- Venue's Capacity: 1400
The Venue's History in few words …
Even though there is proof that an opéra performance took place in Rome as early as 1606, (Agazzari's EUMELIO), the Pope's ban on théâtre and opéra performances was for many years an obstacle in the local development of opéra. In spite of the fact that a public opéra théâtre was inaugurated in 1697, no major composer was linked with the papal city until the opening of the présent opéra house in 1880. Opéra in Rome was far from inexistent during the nineteenth century: Rossini came to première his BARBER OF SEVILLE at the Teatro Argentina in 1816, and Verdi four of his works, including II TROVATORE (1853) and UN BALLO IN MASCHERA (1859) at the Teatro Apollo.
But in 1877, the city that had in the meantime become the capital of Italy was still without a modem opéra house. Domenico Costanzi, who had made a fortune in the hôtel business, had the good idea of bequeathing his name to the Eternal City by funding the construction of an opéra house, which was opened three years later. Roman operatic life was thus revived, and, from 1880 to 1926, the Teatro Costanzi hosted no less than 46 world premières and 120 Roman premières. Thèse premières, ail signed by Italian composers, included triumphant performances of Mascagni's CAVALLERIA RUSTICANA and Puccini's TOSCA. Furthermore, it was here that the Roman public discovered PARSIFAL in 1884, while Toscanini made his Roman début in the house's pit, conducting... CARMEN. In 1926. the théâtre fell into the hands of the fascist state, which renovated and modernized the building. When the house reopened two years later, rebaptized "Teatro Reale dell'Opera", the tradition of "national"premières was of course pursued, and one could hear composers such as Respighi and Malipiero, as weil as Stravinsky, Richard Strauss, and even Berg's WOZZECK in 1942. In 1937, the now famous open-air summer concerts were inaugurated in the Caracalla thermal baths.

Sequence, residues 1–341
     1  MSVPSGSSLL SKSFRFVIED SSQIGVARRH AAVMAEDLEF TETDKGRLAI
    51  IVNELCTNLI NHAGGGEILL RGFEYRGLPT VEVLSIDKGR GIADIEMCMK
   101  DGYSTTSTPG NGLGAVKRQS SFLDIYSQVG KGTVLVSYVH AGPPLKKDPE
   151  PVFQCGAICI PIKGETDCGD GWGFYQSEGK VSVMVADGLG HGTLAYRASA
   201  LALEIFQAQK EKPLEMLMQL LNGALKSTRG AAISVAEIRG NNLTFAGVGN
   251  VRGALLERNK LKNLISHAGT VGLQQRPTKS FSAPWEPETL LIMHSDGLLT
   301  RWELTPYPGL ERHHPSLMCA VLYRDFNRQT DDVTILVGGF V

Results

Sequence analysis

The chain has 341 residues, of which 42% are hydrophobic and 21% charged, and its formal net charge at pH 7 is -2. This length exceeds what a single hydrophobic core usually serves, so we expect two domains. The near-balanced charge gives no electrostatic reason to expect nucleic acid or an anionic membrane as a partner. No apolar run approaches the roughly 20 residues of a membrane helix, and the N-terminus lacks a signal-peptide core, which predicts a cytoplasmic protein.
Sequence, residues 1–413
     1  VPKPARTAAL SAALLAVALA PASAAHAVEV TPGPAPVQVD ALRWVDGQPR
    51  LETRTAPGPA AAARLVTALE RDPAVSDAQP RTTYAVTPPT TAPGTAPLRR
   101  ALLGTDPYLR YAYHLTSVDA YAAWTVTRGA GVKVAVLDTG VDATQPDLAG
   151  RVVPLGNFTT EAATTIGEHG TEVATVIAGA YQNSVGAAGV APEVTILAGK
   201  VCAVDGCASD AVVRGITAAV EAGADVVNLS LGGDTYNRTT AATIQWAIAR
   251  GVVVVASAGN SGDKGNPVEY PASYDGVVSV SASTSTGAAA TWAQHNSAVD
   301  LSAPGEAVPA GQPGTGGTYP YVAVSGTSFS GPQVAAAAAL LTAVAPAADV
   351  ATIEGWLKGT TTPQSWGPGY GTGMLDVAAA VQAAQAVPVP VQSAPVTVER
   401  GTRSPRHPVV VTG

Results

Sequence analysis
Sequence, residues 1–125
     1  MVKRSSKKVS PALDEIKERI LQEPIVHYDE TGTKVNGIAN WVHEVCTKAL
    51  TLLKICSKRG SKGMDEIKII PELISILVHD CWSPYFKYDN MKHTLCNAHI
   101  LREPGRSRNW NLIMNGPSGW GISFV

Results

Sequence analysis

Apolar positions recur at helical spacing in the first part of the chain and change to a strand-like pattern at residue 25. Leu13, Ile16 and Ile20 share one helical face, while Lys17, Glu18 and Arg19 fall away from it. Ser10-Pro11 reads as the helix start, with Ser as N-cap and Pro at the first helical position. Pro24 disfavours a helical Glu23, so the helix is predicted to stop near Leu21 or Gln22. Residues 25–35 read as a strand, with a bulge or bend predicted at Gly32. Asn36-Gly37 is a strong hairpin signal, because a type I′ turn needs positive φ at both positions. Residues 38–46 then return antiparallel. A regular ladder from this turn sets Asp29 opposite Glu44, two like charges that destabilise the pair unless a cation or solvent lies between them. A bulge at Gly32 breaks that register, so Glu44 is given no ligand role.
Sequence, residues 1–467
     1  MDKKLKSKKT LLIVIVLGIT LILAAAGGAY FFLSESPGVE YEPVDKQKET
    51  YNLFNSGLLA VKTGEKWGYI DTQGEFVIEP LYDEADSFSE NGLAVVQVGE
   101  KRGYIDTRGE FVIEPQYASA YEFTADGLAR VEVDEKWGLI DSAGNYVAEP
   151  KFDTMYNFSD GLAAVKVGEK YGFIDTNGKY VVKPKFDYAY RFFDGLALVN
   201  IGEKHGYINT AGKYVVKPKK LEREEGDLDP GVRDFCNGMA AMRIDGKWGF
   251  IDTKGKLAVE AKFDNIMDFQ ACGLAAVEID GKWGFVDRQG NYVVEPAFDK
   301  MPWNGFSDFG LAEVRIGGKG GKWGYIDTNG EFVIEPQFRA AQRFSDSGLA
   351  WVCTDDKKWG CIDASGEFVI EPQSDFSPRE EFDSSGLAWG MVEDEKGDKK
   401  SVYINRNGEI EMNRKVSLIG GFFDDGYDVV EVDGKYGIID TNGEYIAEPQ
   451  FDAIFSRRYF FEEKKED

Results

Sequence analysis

In 1946, the institution adopted the name of Teatro dell'Opera and interna-tionalized its répertoire, while remaining faithful to contemporary music, as works by composers such as Britten, Honegger, Hindemith, Janâcek, and Henze were performed. It was also on this stage that Renata Tebaldi was applauded in 1948, and Maria Callas (in the rôle of Kundry in PARSIFAL!) in 1949. In spite offinancial difficulties, the house's artistic directors have, during these last few décades, deftly managed to keep alive the creativity and the luster of the Roman stage.